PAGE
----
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Chevy Volt Energy Usage – Charging on 240v vs 110v

MyChargePoint Reporting

One of the questions circulating around about the Chevy Volt and any other electric car out there is how much more efficient it is to charge an electric vehicle on 240v (Level 2 Station Charging Station) vs. a 110v (Level 1 Charging Station).  For those wondering why it would make a difference – it is the same reason that long distance transmission lines from power plants are run at tens or hundreds of thousands of volts vs. your regular household outlet at 110 volts – namely that less energy is lost to the resistance in the wire.

Because I have a ChargePoint Network Installed Charger at home and Have used a couple Public ChargePoint Network Stations, I’ve been able to see that at home on a 240 volt circuit, it takes roughly 11.9 KwH to Fully charge my Volt’s depleted battery.  (the weather here has been pretty consistent at around 50-60 F, so chances are – no extra energy was used to heat or cool the battery)

Compare this to my 110v charging experience in the public, and you’ll see that the total power usage was 13.5 Kwh.  Granted, I only have one data point here, and certainly there is a possibility for measurement error / slight variations to the Volt’s actual charge depletion when it was plugged in (it tries to maintain 30% state of charge, but it will vary) – But the 13% difference is significant enough to state that there are certainly charging efficiencies to be gained by stepping up to higher voltage.

If you are interested in my Chevy Volt charge data, it is available here.

Is the extra efficiency in having a 240v charger worth the cost difference?  Probably not.  If you are paying say 10 cent per Kwh, you would basically save 1 cent per KwH by having a 240v charger vs a 110v charger.

If you look at my entire charge history in the excel sheet, You’ll notice that I’ve used 544 Kwh since buying the Volt (netting roughly 1760 EV Miles).  To offset the cost of installing a charger (lets call it $1,000 though we all know it can be much more)  You would need to charge for 100,000 KwH or by my math, drive 330,000 EV Miles.

Of course the real benefit is the ability with 240v to charge quickly and displace more gasoline usage – which I’ve certainly done a lot of.

Read more about my Level 2 Charging Station Installation here for more background on what it takes to install a Level 2 Charger at home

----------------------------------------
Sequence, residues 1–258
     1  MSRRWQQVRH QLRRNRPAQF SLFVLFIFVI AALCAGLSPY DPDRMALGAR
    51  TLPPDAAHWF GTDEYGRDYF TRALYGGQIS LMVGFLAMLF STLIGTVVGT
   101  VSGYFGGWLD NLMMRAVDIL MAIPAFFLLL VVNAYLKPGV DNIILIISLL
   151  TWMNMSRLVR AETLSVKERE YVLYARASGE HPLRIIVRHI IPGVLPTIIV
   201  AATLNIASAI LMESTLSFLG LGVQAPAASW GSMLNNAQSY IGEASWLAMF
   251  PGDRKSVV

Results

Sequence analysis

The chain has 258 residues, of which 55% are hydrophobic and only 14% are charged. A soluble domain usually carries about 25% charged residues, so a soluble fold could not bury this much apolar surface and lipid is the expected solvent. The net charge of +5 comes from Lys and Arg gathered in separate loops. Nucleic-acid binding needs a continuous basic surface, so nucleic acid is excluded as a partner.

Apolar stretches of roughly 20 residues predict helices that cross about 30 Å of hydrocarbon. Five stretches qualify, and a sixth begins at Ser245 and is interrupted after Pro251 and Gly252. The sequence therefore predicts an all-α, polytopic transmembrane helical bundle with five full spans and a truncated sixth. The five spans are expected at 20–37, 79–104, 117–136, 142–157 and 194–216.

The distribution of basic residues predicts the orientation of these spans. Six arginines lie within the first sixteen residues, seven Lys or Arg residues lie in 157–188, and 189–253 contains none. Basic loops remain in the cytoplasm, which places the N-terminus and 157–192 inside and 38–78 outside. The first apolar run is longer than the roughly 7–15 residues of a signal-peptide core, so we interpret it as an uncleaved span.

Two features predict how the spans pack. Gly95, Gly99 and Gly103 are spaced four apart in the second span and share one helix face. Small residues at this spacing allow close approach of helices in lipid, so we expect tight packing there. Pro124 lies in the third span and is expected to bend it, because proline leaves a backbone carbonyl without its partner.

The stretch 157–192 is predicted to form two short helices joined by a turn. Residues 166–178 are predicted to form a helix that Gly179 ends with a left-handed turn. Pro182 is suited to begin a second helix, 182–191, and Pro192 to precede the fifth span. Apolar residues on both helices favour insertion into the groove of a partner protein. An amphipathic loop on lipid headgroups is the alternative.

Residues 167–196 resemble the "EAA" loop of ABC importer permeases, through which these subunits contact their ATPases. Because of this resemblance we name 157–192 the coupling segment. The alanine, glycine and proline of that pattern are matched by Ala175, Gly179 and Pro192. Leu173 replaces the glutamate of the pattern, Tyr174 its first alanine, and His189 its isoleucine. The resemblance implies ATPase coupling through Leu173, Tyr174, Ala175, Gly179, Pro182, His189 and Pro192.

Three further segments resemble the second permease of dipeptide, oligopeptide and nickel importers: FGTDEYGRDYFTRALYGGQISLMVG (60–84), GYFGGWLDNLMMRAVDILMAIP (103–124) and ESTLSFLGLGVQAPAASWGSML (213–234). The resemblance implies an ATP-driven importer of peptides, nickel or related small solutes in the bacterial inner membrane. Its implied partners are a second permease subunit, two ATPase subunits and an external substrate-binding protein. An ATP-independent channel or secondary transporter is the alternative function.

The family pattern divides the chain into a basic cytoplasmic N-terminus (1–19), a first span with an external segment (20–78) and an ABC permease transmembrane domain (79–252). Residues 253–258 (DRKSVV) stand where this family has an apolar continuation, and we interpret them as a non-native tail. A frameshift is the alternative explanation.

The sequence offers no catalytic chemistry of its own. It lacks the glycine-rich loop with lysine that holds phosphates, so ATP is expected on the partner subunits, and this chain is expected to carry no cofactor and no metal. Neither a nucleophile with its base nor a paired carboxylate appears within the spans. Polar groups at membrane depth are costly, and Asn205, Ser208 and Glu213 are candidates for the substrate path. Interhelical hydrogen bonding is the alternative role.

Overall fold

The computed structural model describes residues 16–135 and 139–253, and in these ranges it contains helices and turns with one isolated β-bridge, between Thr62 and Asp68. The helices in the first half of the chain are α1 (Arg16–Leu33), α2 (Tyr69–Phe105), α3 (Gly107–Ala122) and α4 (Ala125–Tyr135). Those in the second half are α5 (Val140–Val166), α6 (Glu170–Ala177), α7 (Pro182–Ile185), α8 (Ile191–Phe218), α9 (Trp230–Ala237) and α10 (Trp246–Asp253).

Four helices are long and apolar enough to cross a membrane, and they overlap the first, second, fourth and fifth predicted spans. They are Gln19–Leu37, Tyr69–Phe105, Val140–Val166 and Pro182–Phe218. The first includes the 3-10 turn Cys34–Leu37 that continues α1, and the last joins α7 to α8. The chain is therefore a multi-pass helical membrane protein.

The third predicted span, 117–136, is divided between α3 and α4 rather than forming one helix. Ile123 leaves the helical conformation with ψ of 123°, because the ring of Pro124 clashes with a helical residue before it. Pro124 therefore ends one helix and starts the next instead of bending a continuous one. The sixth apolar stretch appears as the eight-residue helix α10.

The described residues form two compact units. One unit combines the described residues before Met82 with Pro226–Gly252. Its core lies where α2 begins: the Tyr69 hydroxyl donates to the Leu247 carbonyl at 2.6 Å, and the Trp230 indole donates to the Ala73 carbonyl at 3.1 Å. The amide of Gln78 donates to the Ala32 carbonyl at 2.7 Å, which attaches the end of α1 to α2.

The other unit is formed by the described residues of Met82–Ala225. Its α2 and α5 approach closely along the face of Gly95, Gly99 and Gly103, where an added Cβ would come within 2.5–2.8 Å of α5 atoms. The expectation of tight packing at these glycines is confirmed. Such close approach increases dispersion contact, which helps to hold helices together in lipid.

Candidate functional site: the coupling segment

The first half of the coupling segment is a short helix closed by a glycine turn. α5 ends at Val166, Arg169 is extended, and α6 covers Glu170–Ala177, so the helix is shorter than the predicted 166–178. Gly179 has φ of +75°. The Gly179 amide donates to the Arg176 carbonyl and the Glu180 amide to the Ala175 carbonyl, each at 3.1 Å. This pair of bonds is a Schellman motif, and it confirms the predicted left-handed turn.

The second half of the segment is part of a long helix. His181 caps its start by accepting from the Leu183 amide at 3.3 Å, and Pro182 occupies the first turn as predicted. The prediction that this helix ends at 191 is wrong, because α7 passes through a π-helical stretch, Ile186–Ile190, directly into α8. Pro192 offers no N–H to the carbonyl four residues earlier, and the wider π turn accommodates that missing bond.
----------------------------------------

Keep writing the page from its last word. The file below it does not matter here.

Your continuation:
17 Responses to “Chevy Volt Energy Usage – Charging on 240v vs 110v”

  1. Jeff N says:

    “You’ll notice that I’ve used 544 Kwh since buying the Volt (netting roughly 1760 EV Miles)”

    I did. It looks like your energy efficiency while driving in EV mode has gotten much better since you posted your OnStar monthly report in early February. I’m curious what your subsequent monthly reports look like. In particular, I want to know how closely the OnStar “electricity consumed” field matches your own charging data.

    I was down to a monthly average of 28 kWh / 100 miles on my last report 3 weeks ago. You must be close to that. Enquiring minds want to know!

  2. Jeff N says:

    I confused the date on your OnStar posting. It was January 21. Maybe you can post an update when the next report gets sent out in another couple of weeks.

  3. PatrickZWang says:

    Hey Jeff,

    I will put the caveat in that I’ve pulled down a little more than 544KwH on the odd chance I was charging in a non-chargepoint station. I can probably think of 5-6 cases where I took a full charge at a friend’s house etc. so I would add 60-80 KwH to that total to be totally accurate.

    For the Onstar report I was at

    Electric Consumption: 35 kW-hr/100 miles

    Compare this to my data which is 544 KwH + 60-80 KwH untracked = 600/1760 or .34 Kw per mile or 34 kw per 100 miles. It might true up exactly on the dot if I guessed my “untracked usage” low.

    So the numbers are actually truing up pretty well!

    Just to note, my electric efficiency is probably “lower” because I drive pretty hard in the city (Fast accelerations, but regenerative braking mostly since I know I won’t use any gas that day) And most of my mileage is local driving.

    I know Onstar is working on efficiency benchmarks in MyVolt, so hopefully we’ll be able to compare stats soon!

    Patrick

  4. Evil Attorney says:

    Patrick, good chatting with you last night in the focus group. Love the website. Adding it to my feed. C

  5. Bruce Monk says:

    Interesting results. Faster charge rates means more heat loss. Using Cherolet’s currents and time you get at 120V “recharge the car fully in 6 hours at 12 amps or 8 hours at 8 amps.” and at 240V “running at 16 amps can recharge the Volt in 3 hours” Some simple calculations:
    1120V charge
    120*8= .960KW, .96 * 8 = 7.68 KW-Hr 8 Hours at 8 amps
    120×12=1.44KW, 1.44 x 6 = 8.6KW-hr 6 hours at 12 amps

    240v charge
    240*16=3.84KW, 3.84 x 3 = 11.52 KW-Hr 3 hours at 240.